I was already a fan of Shields’ work; he’s as good as anybody at extracting surprising insights from topics like sports and pop culture. What impressed me most here was his handling of what I guess must be the most serious subject I can think of, with a touch that entertained without trivializing, and that delivered wisdom without resorting to sentimentality. It’s a very skilled piece of writing. I admired it, and I really enjoyed it, too.
Meg Wolitzer, author of “The Ten Year Nap”
“Olive Kitteridge,” Elizabeth Strout’s astonishing collection of 13 linked stories, is tough and hilarious, unapologetic and beautiful. Centered around one woman’s life, this book could be described as “character-driven,” but that term might make it feel small, which it isn’t; it’s big and packed, in fact. Strout has the talent, patience and insight to let her imperfect characters tangle with one another in real, human ways over time. Back in the 1970s-’80s golden age of American fiction, people didn’t have to continually convince other people why fiction was essential, and a book like “Olive Kitteridge” would have more easily found the audience it deserves. In our era, a non-fiction-heavy, news-dominated period in which fiction is often unfairly seen as a languishing specialty item, writers like Elizabeth Strout remind us of how much we need it in our lives.
Steve Almond, author of “(Not That You Asked): Rants, Exploits, and Obsessions”
Chuck Klosterman’s debut novel, “Downtown Owl,” is shockingly good. I was expecting it to be smarty-pants and emotionally pale. But Klosterman really understands his people, he cares for them, and his cleverness is almost always in service to the story. This is going to sound like heresy to some, but the best moments of this minor masterpiece read like Kurt Vonnegut, if he’d devoted himself to the obscure longings and miseries of small-town North Dakota.
Steven Johnson, author of “The Invention of Air”
I read a galley copy of Oliver Morton’s “Eating the Sun: How Plants Power the Planet” very quickly a few months ago and was very impressed with it then. But when I went back to read it more slowly last month, I realized what a masterpiece the book was: a kind of epic poem to the power and potentiality of photosynthesis.
Oliver and I met years ago and have kept in touch loosely since then, but this book is so great I’d be singing its praises even if we were arch rivals. “Eating the Sun” is many things. It’s a story of scientific discovery told with great clarity and narrative drive, and it’s a mind-expanding rumination on life, energy and the future of our planet. The book has descriptions of natural and semi-natural landscapes that are just exquisite. And it’s a refreshingly optimistic call-to-arms that talks about our climate crisis as something that is both immense and potentially manageable, making the most compelling case for radical innovation in solar energy that I’ve read to date. I hope there are Obama people who are reading this book right now — it should be required reading for anyone entering the White House, right up there with the Michael Pollan and the Doris Kearns Goodwin. But those of you who aren’t currently going through the screening process should pick up a copy too; it’s still early, but I think this may be my favorite book of 2008.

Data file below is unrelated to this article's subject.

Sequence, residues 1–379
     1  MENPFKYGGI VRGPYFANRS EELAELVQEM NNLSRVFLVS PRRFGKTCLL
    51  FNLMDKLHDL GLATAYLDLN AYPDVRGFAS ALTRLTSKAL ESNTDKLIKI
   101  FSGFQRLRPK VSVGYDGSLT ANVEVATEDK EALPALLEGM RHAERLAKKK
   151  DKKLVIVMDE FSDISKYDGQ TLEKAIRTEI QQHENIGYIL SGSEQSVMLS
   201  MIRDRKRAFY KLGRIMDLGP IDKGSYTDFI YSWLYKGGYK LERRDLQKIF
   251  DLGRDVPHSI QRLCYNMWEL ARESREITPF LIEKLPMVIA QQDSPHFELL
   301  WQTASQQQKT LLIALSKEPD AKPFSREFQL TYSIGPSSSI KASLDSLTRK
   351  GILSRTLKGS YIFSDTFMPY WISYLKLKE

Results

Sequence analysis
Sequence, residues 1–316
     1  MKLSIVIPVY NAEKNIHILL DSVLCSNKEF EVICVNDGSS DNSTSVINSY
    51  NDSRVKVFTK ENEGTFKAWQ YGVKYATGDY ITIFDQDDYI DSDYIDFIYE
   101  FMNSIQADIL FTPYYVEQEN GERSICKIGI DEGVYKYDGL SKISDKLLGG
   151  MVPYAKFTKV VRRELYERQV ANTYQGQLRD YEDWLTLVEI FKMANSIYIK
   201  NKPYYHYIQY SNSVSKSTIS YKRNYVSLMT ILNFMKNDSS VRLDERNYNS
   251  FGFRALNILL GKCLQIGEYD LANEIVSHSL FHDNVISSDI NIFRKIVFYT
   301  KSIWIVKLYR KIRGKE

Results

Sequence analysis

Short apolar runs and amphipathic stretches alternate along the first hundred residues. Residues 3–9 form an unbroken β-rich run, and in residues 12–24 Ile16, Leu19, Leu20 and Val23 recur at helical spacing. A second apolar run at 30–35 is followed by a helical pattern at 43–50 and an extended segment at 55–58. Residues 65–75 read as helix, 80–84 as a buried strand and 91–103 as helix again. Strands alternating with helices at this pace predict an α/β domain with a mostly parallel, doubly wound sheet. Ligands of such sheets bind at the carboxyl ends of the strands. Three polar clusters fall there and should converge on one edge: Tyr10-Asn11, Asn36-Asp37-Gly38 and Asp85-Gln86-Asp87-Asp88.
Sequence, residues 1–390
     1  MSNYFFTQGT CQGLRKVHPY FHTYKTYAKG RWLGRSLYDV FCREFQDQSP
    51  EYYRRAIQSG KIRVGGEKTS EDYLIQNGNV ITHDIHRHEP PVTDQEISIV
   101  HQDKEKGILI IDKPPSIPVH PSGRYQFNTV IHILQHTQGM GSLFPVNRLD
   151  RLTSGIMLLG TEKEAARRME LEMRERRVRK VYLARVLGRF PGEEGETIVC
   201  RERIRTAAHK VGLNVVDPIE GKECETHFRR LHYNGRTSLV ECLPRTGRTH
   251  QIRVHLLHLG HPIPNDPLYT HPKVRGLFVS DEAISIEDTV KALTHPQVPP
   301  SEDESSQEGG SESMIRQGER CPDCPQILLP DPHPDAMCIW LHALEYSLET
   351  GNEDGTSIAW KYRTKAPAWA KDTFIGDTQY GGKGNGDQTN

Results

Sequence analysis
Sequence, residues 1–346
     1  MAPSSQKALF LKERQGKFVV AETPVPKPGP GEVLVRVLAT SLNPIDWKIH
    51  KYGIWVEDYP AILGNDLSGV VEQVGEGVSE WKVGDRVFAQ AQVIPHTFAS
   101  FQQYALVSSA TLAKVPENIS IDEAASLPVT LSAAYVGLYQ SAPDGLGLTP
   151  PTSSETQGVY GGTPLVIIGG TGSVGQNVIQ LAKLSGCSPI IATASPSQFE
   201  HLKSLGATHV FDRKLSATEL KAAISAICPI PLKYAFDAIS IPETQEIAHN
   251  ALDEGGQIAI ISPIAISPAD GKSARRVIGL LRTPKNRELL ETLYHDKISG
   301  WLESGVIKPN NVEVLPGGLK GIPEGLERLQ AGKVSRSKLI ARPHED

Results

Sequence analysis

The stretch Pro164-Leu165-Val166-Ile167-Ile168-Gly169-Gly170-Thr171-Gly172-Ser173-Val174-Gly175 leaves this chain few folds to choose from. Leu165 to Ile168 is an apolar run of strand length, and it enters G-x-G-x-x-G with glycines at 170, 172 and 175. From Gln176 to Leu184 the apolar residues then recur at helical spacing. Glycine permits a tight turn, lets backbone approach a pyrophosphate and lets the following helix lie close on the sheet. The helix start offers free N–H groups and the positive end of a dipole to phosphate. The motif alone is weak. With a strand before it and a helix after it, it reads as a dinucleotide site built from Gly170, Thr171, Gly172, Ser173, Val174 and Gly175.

Lydia Millet, author of “How the Dead Dream”
I loved Joy Williams’ novel “The Changeling,” reissued after 30 years by the tiny but valiant Fairy Tale Review Press. Williams is a brilliant writer and “The Changeling” (no relation to the movie of the same name) is an explosive, strange and mythic showpiece of that brilliance. It had no business being out of print for so long. A young, drunken mother and her baby are separated in a plane crash, and thereafter the mother, Pearl, spirals into oblivion on an island of increasingly feral children — never quite sure the baby who was returned to her, and now plays among them, is her own.
Ed Park, author of “Personal Days”
A single page of Don Paterson’s collection of aphorisms, “Best Thought, Worst Thought,” contains enough philosophical conjecture, elegant bile, and cold hard truths (or facile lies) to power three regulation-length novels. The misanthropy on display here alternates with humor, or simply merges with it (“You’ve made a blog … Clever boy! Next: flushing“), making for irresistible sampling. Some of the aphorisms read like surreal microfictions (“Sex is better in dreams as the prick has an eye”), others like entries in a journal intime. Just when he has you chuckling, he’ll whip out a line that reads like a freshly translated fragment from a distant epoch (“Imagining the worst is no talisman against it”). You get the sense that Paterson both stakes his life on every sentence and wants to distance himself from it almost before the ink has dried, and these impulses give the book its perfect rhythm. As he puts it, “A style is a strategy of evasion.”
Chuck Klosterman, author of “Downtown Owl”
“Boys Will Be Boys: The Glory Days and Party Nights of the Dallas Cowboy Dynasty” by Jeff Pearlman is the sportswriting equivalent of reading Neil Strauss’ “The Dirt” — it’s totally insane, completely plausible, and “gossipy” in the best possible way. Some of the content skews unnecessarily negative (I can’t imagine anyone in the Cowboy organization not named Troy Aikman who wouldn’t hate or dispute this book), but the reporting is dogged and the stories are more entertaining than any of the fictional moments in “North Dallas Forty.” By far the fastest 416 pages I read in 2008.